Ted Neward calls O/R mapping a "quagmire" in The Vietnam of Computer Science. He's right (although the Vietnam analogy is a distraction).
He considers approaches to licking the problem, and he almost gets it right with "Integration of relational concepts into the languages". Yeah -- but he limits his consideration to tweaks to mainstream languages (dismissing "fringe" languages like Ruby... not that Ruby's doing it right).
We're not going to get this O/R mapping thing right... ever. It's the "O" in "O/R" that's the problem. We need languages that think in terms of tables or relations. The object languages have us whirling in a Sapir-Whorf spiral. Relations -- tables -- are the language of data. Objects attempt to deal with data but in an ad-hoc way, with no grounding theory that enforces integrity and consistency; you enforce all that in procedural code. Objects may be a handy idiom for writing simulation programs. But the 99% of other programs out there that traffic in data, even transiently, need to be written ground up in a relation oriented language.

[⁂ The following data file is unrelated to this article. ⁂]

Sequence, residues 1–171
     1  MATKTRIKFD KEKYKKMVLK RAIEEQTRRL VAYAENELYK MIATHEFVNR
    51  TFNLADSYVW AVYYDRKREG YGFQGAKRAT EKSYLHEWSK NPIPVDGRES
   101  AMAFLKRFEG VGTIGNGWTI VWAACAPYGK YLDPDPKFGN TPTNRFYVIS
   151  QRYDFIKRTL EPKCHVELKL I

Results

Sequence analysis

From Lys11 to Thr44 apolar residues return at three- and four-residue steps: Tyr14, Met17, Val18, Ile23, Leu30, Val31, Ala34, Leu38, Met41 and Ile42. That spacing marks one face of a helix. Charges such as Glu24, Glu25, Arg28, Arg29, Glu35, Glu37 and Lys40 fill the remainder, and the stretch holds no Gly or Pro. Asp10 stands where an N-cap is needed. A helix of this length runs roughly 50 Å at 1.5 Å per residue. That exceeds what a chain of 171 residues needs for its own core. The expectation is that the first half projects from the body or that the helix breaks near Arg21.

Relation Oriented Programming: I've written about it before. I believe the right answer is going to be to construct a relational idiom in the fringe language Common Lisp. I've already begun! Expect results about the time Arc is ready.
Hugh Winkler holding forth on computing and the Web
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